I’m not a fan of the Kardashian/Jenner clan and tried to avoid this past weekend’s hoopla about the Kim/Kanye nuptials. However I read something yesterday that, if true, is quite sad. Apparently Kim’s younger brother, Rob, skipped out on the wedding because he was embarrassed about his weight:
“He wanted to be there, but he was feeling so insecure and didn’t want anyone to see him heavier like this,” a source said.
Meanwhile, sources told TMZ that Rob has “become so insecure and depressed about his appearance, he refused to be in the family wedding pics.”
How terrible is that… missing your sister’s wedding (albeit her third one) because you’re ashamed of your appearance? What’s worse is that he probably would have attended if it hadn’t been for all the hatred spewed online after pictures of him surfaced earlier in the week, prompting him to lash out:
“So i found out i was trending for being fat… thank you all it really made my day… y’all must have run out of real news”
Rob’s not the only public personality who’s been bashed for not looking like what society deems “acceptable”. Being famous doesn’t make a person immune from cruel taunts; just ask Adele, Gabourey Sidibe, Melissa McCarthy, Gov. Chris Christie, Tyra Banks, Jessica Simpson, even the newlywed Kim to name a few. And let’s not forget celebrities like Fiona Apple, Angelina Jolie and another Kardashian, Kendall, who have been criticized for being “too thin”.
But here’s the question I wish there was an answer to… why is there so much hatred toward different bodies? Hardly a day goes by when I don’t read a story about the difficulties a person faces over his/her weight or how governments wage “war against obesity” because of how people look. C’mon, if it were truly about “health” then why is their criteria based on weight and BMI instead of fitness levels and other health indicators?
This past week, in addition to the stories of Rob’s weight (not to mention Kim’s “wedding diet” because heaven forbid she were to have a tummy after giving birth), there were articles and blogs about tennis player Taylor Townsend who, 2 years ago, had been denied funding by the US Tennis Association because of her weight. Without succumbing to the pressure to slim down, she had “an amazing week” at the French Open. Also, Instagram publicly apologized to singer/blogger Meghan Tonjes for removing a photo she’d posted of her ample derriere clad in a bikini brief, saying that it violated the site’s nudity rules while leaving up similar photos of slender women, some in thongs or showing more skin than Meghan did.
And that’s just what was in the news. A fat person’s picture can’t be posted without insulting comments popping up or the inevitable armchair “medical experts” making judgement calls about his/her health when it’s impossible to gauge one’s health simply by looking at them. Recently, there was a Kickstarter to fund a film called “Fattitude – A Body Positive Documentary” about “how popular culture fosters fat prejudice and then offers an alternative way of thinking”. The film maker, Lindsey Averill, endured a barrage of hatred starting with a troll who posted a YouTube video splicing her trailer with violent, racist images then posted her address and phone number on multiple sites encouraging others to harass her for daring to suggest that there’s nothing wrong with being fat. People called with rape and death threats, sent pizzas, Bibles and Qurans to her home and harassed her husband at work. They also posted the names and addresses of people who were interviewed for the trailer and threatened to do the same to those who pledged money for the film. Despite it all, the film was fully funded and I’m proud to say that I’m one of its backers.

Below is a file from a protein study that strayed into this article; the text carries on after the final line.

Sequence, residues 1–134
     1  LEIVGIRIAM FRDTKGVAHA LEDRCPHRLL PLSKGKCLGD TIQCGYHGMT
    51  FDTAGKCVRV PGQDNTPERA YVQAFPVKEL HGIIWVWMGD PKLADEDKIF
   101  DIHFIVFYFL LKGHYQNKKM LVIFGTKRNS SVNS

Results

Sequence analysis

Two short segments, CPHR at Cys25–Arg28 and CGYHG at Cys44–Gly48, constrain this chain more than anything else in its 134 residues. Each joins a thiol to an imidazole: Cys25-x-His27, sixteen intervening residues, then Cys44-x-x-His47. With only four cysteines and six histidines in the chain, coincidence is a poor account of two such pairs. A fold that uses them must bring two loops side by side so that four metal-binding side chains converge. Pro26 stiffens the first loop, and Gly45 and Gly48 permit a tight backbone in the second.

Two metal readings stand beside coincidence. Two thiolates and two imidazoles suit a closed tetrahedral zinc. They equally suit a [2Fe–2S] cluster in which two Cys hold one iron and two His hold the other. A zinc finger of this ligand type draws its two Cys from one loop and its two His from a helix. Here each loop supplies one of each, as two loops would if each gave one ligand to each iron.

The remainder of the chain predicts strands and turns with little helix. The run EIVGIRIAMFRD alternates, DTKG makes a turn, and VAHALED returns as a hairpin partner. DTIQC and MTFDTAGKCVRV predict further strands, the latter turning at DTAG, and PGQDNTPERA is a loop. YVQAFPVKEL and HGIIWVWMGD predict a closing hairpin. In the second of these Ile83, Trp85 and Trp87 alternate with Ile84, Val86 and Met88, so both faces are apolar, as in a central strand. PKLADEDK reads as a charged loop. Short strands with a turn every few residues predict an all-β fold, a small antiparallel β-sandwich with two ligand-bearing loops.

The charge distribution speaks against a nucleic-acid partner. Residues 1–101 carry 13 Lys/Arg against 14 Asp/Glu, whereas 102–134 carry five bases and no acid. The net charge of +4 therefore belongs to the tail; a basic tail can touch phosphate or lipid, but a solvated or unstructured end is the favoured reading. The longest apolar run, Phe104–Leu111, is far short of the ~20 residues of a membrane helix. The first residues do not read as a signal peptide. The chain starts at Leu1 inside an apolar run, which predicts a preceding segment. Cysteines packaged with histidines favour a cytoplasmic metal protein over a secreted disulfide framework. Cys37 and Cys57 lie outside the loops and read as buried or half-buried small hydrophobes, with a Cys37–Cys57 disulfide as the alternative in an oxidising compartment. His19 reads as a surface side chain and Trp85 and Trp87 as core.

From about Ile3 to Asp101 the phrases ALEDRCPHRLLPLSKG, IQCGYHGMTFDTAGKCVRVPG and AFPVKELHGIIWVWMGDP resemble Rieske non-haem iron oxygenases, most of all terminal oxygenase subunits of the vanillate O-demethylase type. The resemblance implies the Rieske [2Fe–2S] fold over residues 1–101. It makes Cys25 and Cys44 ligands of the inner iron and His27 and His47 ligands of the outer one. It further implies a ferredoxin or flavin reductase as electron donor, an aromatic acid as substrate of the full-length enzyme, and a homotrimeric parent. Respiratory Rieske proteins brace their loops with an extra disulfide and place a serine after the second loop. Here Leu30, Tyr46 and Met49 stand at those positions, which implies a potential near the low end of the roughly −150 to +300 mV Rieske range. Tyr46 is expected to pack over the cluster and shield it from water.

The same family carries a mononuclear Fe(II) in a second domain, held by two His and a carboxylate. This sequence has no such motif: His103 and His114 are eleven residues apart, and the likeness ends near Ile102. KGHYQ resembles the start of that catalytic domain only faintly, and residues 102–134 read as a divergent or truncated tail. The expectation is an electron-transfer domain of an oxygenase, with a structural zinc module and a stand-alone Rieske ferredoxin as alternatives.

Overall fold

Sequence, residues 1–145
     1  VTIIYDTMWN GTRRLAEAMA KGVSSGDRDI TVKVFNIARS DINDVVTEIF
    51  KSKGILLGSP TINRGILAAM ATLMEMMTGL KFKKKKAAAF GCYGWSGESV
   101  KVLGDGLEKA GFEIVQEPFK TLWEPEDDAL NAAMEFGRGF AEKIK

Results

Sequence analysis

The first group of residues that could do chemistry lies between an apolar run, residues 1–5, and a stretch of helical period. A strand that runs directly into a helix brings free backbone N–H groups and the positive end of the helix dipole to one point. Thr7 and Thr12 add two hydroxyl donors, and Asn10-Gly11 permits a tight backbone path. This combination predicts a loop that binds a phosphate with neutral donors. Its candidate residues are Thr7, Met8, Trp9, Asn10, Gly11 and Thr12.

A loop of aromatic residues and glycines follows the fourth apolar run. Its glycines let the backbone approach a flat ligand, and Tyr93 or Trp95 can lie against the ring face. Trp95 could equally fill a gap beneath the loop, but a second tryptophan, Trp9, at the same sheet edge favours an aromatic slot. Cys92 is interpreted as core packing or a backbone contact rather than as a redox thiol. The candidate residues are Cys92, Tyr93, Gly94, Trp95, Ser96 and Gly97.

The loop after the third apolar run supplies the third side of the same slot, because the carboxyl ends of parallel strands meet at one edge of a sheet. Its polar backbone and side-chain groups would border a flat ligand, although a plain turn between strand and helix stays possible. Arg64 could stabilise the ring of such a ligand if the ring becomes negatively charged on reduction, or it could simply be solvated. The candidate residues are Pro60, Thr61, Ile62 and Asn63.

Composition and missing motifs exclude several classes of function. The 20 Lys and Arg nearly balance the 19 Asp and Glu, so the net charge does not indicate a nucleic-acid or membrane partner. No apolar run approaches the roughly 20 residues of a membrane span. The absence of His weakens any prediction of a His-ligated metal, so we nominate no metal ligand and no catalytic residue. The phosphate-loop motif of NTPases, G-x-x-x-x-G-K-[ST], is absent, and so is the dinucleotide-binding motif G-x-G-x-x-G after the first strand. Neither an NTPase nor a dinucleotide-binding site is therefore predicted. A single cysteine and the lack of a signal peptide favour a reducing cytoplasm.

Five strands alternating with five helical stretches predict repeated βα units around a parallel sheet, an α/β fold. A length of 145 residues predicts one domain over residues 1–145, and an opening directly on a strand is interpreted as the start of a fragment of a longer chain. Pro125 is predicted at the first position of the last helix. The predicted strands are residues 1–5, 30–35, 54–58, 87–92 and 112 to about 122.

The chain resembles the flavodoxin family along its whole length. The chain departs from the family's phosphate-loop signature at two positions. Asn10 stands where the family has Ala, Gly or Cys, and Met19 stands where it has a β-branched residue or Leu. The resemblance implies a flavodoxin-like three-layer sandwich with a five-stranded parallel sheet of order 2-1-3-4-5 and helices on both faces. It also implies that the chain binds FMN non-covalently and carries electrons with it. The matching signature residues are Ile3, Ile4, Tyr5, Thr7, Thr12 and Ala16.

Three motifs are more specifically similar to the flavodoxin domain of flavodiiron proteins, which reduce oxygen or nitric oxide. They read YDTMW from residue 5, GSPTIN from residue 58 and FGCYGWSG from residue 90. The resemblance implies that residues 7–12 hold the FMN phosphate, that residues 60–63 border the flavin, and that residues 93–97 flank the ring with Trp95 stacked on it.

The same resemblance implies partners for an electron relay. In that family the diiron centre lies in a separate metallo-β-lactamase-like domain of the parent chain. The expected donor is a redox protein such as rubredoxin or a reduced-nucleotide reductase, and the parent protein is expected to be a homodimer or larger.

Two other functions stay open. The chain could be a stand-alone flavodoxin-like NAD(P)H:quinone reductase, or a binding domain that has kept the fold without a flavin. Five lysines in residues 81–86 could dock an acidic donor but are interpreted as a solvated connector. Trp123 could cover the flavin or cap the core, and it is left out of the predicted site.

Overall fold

But the question remains: Why such hatred? Why are fat acceptance bloggers and activists the recipients of emails telling them to commit suicide? Why do some feel it’s OK to moo and oink at a fat person on the street or go out of their way to otherwise insult and shame him/her? Why are thin people told that they look “sickly” or “anorexic” and advised to “eat a sandwich”? Why can’t we all just accept that human beings come in a variety of shapes, sizes, weights and health statuses and that every one deserves respect? No one is saying that you have to be attracted to a fat person or a thin person. Hey, I’m not attracted to men with muscles and 6-pack abs but I don’t hate them and sure as hell don’t go on body building sites and forums to make rude remarks. I guess it’s a question that won’t be answered any time soon. But I’m fighting for the day when it won’t ever have to be asked.